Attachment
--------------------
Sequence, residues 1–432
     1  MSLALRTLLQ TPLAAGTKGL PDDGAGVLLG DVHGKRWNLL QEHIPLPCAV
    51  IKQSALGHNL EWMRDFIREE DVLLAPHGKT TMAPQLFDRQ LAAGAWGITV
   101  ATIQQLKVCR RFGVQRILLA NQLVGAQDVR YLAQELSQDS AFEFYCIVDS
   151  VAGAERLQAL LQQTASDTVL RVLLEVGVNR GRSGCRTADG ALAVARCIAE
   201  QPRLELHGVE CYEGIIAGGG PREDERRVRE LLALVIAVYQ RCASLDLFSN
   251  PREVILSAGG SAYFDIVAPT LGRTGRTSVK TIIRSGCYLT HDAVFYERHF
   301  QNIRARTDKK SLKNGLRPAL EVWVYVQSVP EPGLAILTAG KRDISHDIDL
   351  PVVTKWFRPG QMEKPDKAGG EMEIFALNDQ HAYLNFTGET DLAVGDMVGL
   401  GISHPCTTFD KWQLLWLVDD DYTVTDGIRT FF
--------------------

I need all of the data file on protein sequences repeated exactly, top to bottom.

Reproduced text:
Sequence, residues 1–432
     1  MSLALRTLLQ TPLAAGTKGL PDDGAGVLLG DVHGKRWNLL QEHIPLPCAV
    51  IKQSALGHNL EWMRDFIREE DVLLAPHGKT TMAPQLFDRQ LAAGAWGITV
   101  ATIQQLKVCR RFGVQRILLA NQLVGAQDVR YLAQELSQDS AFEFYCIVDS
   151  VAGAERLQAL LQQTASDTVL RVLLEVGVNR GRSGCRTADG ALAVARCIAE
   201  QPRLELHGVE CYEGIIAGGG PREDERRVRE LLALVIAVYQ RCASLDLFSN
   251  PREVILSAGG SAYFDIVAPT LGRTGRTSVK TIIRSGCYLT HDAVFYERHF
   301  QNIRARTDKK SLKNGLRPAL EVWVYVQSVP EPGLAILTAG KRDISHDIDL
   351  PVVTKWFRPG QMEKPDKAGG EMEIFALNDQ HAYLNFTGET DLAVGDMVGL
   401  GISHPCTTFD KWQLLWLVDD DYTVTDGIRT FF